criminalizATION OF money laundering:

“All serious crimes” approach or “list” approach to predicate crimes: All serious crimes

Are legal persons covered: criminally: YES civilly: YES

Know-your-customer (KYC) rules:

Enhanced due diligence procedures for PEPs: Foreign: YES Domestic: YES

KYC covered entities: Banks; mutual savings associations; credit companies; insurance companies; financial advisers; brokerage and securities firms; pension fund managers; collective investment schemes; postal services; currency exchange outlets; money exchangers or transmitters; realty agents; dealers in precious metals, stones, antiques, and art; legal advisors and lawyers; accountants; auditors; notaries; and casinos

REPORTING REQUIREMENTS:

Number of STRs received and time frame: 4,637 in 2014

Number of CTRs received and time frame: 1,503,662 in 2014

STR covered entities: Banks, professional money changers, credit intermediaries, payment systems and managers, and lending firms; life insurance entities and insurance companies that provide investment services; securities and investment service companies, collective investment, pension fund, and risk capital managers; mutual guarantee companies; postal wire services; real estate brokers, agents, and developers; auditors, accountants, and tax advisors; notaries and registrars of commercial and personal property; lawyers, attorneys, or other independent professionals when acting on behalf of clients in financial or real estate transactions; company formation and business agents; trustees; casinos, gaming, and lottery enterprises; dealers of jewelry, precious stones and metals, art, and antiques; safekeeping or guaranty services; and foundations and associations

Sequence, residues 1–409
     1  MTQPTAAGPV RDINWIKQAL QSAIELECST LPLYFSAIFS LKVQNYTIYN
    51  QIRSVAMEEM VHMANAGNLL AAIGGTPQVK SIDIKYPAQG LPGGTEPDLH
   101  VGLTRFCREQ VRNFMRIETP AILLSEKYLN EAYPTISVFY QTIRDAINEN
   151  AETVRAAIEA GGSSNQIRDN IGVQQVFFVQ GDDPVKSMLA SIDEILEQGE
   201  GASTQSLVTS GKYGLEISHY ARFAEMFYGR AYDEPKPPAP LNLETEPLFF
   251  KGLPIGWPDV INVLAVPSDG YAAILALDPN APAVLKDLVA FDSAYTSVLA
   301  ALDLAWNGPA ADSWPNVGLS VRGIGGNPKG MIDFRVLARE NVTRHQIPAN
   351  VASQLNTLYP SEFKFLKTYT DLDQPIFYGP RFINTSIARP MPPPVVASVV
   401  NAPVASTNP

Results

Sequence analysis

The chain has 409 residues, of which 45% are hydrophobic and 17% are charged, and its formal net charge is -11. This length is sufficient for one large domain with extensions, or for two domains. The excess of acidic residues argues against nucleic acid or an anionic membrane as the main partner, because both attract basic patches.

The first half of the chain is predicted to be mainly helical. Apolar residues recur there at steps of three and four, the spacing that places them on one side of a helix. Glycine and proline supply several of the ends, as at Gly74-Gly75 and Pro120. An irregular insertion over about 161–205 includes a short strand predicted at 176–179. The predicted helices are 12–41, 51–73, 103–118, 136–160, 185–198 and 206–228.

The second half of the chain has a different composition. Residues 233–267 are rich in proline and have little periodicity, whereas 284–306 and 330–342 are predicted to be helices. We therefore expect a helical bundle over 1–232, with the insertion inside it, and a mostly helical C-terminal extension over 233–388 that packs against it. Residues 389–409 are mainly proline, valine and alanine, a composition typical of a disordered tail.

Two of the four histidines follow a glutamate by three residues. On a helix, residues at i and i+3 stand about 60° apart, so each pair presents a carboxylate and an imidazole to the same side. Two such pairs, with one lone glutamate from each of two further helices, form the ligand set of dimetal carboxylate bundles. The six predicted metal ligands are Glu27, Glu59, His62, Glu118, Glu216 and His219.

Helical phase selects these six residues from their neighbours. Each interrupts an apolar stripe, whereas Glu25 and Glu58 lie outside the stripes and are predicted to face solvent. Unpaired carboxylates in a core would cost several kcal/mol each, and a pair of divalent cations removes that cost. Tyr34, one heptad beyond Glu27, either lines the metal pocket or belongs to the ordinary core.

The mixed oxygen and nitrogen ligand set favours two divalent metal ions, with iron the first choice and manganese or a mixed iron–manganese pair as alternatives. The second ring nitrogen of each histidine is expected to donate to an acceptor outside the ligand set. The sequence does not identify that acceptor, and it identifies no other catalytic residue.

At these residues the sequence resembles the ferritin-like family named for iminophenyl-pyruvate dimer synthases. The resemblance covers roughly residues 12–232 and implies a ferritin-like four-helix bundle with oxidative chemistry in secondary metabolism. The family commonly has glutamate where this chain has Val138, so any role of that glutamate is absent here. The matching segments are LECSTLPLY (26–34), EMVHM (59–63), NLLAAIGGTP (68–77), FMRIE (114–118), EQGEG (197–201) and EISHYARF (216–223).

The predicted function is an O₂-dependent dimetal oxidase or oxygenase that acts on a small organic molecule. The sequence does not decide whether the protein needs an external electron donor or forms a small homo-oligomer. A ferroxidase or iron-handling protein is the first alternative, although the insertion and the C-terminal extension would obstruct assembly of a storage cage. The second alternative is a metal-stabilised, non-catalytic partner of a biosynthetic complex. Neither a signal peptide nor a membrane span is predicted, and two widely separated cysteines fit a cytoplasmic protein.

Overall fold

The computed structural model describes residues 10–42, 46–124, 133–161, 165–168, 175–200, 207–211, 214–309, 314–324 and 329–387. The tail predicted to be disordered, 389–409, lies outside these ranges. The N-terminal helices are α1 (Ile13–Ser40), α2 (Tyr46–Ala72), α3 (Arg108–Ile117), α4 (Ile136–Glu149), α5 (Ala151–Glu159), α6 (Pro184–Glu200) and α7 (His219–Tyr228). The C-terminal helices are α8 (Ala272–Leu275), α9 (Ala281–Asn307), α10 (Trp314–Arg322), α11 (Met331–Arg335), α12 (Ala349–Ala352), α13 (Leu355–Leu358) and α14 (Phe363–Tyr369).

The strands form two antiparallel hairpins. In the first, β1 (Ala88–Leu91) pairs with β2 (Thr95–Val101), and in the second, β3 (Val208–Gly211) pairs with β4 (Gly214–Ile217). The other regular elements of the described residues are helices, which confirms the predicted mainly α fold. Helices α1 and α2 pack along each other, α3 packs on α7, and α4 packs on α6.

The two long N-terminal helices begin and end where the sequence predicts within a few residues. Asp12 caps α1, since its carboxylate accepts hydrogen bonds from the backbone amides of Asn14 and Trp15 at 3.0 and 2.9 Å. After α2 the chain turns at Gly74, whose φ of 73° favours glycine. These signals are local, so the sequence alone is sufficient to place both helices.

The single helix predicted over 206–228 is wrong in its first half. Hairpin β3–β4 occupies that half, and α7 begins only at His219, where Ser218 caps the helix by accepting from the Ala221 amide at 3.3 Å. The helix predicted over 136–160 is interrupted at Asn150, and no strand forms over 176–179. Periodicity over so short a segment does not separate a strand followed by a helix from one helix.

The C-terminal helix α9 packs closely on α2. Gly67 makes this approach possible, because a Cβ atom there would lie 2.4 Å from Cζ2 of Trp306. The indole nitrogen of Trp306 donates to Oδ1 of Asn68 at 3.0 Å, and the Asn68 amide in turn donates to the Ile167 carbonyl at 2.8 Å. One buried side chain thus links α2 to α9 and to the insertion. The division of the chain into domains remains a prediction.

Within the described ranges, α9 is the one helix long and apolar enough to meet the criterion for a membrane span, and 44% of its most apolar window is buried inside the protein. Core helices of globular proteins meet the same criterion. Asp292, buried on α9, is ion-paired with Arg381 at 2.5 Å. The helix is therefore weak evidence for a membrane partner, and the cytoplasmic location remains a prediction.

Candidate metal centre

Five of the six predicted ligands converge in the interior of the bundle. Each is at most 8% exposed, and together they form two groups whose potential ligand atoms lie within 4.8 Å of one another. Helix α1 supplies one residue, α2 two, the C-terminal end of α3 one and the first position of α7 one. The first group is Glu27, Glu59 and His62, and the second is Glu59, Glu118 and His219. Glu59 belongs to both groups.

money laundering criminal Prosecutions/convictions:

Prosecutions: 64 in 2014

Convictions: 186 in 2014

Records exchange mechanism:

With U.S.: MLAT: YES Other mechanism: YES

With other governments/jurisdictions: YES

Spain is a member of the FATF. Its most recent mutual evaluation can be found at: http://www.fatf-gafi.org/countries/s-t/spain/documents/mer-spain-2014.html